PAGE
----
NTSB Identification: DFW07LA165.
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Accident occurred Friday, July 20, 2007 in Slaton, TX
Probable Cause Approval Date: 01/31/2008
Aircraft: Air Tractor AT-502, registration: N15400
Injuries: 1 Uninjured.
NTSB investigators may not have traveled in support of this investigation and used data provided by various sources to prepare this aircraft accident report.
The pilot/owner of the single-engine agricultural airplane stated that the gas turbine rotation speed (Ng) was adjusted "one click" prior to departure to increase the engine power from 96 percent to 100 percent (normal range is between 50 and 102 percent). Shortly after takeoff, at an altitude of approximately 150-feet above ground level (agl), the pilot noted that the Ng speed was still at 96 percent, so he turned back toward the airport. As the pilot was turning back to the airport, the engine lost power, and he was unable to maintain altitude. The pilot made a forced landing to a dirt road, impacted a stop sign, and continued over a highway and into an open field. The pilot added that the engine was still producing enough power for him to taxi the airplane out of the field and back onto the highway. External examination of the engine revealed there was a 5-inch-wide hole in the engine's compressor housing. The engine was then disassembled into two sections; the power section module and the gas generator module. Damage of the power section included torn and nicked compressor turbine blades (leading edge), excessive FOD damage to the hot section stator vanes, the power turbine shroud was bent, buckled, and torn with several bolts sheared out of their holes. The containment ring was split in half. The power turbine stator vanes were torn and deformed. The power turbine wheel had 10 sheared blades at or near the blade root, and several other blades were broken in half. The chip detector was removed and was filled with large metal chips. The oil filter was filled with a small amount of fine metallic particles. Examination of the gas generator revealed that the compressor bleed valve, fuel manifolds, compressor turbine stator assembly, accessory gear box assembly, impeller, compressor inlet case and compressor rotor in the gas generator case, and the compressor turbine blades exhibited no anomalies. A review of maintenance records revealed that the last 100-hour inspection performed on the engine was on April 27, 2007, at a Hobbs time of 5,892.9 hours. However, there was no record of the engine's last overhaul, no record of present engine total time/time since overhaul, and no record of engine removal from the aircraft. The reason for the loss of engine power could not be determined.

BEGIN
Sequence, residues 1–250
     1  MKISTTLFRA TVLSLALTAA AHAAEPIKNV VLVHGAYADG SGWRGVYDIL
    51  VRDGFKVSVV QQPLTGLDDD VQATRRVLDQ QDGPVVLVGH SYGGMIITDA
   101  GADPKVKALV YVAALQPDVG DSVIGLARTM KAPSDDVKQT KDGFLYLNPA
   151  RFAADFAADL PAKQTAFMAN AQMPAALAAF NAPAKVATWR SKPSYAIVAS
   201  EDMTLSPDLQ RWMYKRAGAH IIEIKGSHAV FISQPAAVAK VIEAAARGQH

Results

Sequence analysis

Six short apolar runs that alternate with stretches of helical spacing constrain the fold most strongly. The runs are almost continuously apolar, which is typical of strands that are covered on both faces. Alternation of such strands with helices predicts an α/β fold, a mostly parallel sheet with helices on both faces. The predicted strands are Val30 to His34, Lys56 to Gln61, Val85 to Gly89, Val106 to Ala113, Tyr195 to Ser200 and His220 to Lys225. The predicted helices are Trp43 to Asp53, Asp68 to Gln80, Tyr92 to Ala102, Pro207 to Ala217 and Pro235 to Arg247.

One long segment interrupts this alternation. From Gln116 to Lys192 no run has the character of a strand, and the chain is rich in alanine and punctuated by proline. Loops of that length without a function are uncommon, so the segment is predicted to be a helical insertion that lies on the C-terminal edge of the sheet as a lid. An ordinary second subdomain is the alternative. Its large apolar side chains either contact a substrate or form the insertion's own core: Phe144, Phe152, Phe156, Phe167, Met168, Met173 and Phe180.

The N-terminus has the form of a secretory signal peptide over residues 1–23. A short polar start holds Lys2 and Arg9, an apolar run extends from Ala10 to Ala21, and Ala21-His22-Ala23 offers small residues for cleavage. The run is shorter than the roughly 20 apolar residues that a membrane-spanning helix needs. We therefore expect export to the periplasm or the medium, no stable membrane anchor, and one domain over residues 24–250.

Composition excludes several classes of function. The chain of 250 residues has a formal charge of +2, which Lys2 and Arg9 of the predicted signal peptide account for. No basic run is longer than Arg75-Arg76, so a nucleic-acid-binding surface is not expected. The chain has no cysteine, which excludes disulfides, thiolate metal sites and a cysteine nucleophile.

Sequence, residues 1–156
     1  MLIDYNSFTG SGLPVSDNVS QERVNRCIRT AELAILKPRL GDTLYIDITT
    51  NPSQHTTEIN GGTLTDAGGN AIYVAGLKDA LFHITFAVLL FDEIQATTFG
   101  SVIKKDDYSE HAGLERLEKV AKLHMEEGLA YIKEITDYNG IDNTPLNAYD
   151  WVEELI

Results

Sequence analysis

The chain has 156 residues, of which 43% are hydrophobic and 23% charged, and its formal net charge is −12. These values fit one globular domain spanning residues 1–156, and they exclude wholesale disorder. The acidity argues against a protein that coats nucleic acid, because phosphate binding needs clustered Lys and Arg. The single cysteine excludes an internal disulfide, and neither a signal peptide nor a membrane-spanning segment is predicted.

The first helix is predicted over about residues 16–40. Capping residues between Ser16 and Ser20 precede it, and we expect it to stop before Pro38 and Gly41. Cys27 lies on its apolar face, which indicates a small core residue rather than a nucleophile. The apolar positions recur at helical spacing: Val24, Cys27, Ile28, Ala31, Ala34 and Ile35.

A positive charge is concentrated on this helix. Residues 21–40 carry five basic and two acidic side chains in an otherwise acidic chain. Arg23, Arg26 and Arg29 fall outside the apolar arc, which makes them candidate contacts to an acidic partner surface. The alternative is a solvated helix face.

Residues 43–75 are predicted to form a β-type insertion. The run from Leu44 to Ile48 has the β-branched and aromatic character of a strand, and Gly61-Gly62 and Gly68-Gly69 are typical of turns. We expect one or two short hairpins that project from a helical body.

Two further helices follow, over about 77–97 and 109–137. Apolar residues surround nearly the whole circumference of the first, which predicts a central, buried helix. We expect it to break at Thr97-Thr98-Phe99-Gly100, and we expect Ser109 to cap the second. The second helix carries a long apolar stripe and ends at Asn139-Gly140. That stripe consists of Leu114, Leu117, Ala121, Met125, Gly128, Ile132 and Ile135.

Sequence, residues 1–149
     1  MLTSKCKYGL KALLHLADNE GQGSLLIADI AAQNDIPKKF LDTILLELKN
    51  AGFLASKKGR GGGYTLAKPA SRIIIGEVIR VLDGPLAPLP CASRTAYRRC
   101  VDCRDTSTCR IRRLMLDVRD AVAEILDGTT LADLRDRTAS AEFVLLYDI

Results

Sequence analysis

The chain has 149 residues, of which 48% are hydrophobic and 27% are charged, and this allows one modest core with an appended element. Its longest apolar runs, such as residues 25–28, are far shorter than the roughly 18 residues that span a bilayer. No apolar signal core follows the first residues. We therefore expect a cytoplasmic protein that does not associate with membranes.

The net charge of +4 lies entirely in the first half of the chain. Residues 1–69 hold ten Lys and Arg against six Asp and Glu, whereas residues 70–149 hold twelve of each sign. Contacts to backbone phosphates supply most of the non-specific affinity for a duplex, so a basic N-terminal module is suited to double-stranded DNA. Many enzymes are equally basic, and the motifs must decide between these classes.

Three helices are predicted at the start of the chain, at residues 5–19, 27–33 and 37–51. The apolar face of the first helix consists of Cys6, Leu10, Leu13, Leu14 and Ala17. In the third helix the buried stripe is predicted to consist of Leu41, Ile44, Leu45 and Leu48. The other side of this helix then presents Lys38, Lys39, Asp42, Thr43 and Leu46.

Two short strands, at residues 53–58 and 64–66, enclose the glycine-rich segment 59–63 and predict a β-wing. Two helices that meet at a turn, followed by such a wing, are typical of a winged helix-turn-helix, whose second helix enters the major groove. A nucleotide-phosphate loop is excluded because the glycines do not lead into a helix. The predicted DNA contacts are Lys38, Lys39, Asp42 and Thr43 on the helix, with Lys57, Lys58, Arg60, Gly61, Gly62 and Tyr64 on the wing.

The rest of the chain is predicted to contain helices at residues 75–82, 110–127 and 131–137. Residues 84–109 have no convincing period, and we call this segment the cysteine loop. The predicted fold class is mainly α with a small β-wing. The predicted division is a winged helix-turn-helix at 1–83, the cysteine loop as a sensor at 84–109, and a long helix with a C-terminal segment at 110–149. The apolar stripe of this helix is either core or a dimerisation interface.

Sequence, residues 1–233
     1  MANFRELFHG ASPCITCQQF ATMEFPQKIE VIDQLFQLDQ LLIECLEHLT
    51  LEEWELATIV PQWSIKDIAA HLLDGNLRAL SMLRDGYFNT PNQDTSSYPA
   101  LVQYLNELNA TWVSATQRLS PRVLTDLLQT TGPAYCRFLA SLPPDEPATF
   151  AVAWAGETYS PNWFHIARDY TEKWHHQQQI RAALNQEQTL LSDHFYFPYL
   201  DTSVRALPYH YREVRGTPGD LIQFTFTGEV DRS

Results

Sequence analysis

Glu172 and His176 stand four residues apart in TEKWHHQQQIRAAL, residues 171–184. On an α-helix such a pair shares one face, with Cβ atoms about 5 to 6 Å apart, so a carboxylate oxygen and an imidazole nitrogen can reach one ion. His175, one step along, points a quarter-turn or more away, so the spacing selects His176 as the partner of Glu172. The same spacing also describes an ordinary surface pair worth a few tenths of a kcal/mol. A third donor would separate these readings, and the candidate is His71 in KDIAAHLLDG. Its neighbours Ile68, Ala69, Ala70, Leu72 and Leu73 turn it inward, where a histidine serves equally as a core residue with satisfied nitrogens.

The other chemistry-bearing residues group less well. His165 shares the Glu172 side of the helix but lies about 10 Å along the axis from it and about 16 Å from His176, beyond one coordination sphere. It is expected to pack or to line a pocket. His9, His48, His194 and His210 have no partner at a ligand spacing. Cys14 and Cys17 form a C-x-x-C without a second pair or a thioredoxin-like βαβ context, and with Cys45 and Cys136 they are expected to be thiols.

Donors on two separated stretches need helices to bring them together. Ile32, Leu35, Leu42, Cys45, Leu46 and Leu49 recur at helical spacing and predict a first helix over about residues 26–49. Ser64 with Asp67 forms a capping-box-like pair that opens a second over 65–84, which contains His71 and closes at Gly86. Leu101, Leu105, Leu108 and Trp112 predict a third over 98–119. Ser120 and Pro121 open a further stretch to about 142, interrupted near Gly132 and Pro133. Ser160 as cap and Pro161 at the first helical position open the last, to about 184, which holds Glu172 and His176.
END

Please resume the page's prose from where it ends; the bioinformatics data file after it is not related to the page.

The National Transportation Safety Board determines the probable cause(s) of this accident to be: An uncontained failure of the turbine engine's power section for undetermined reasons. Full narrative available
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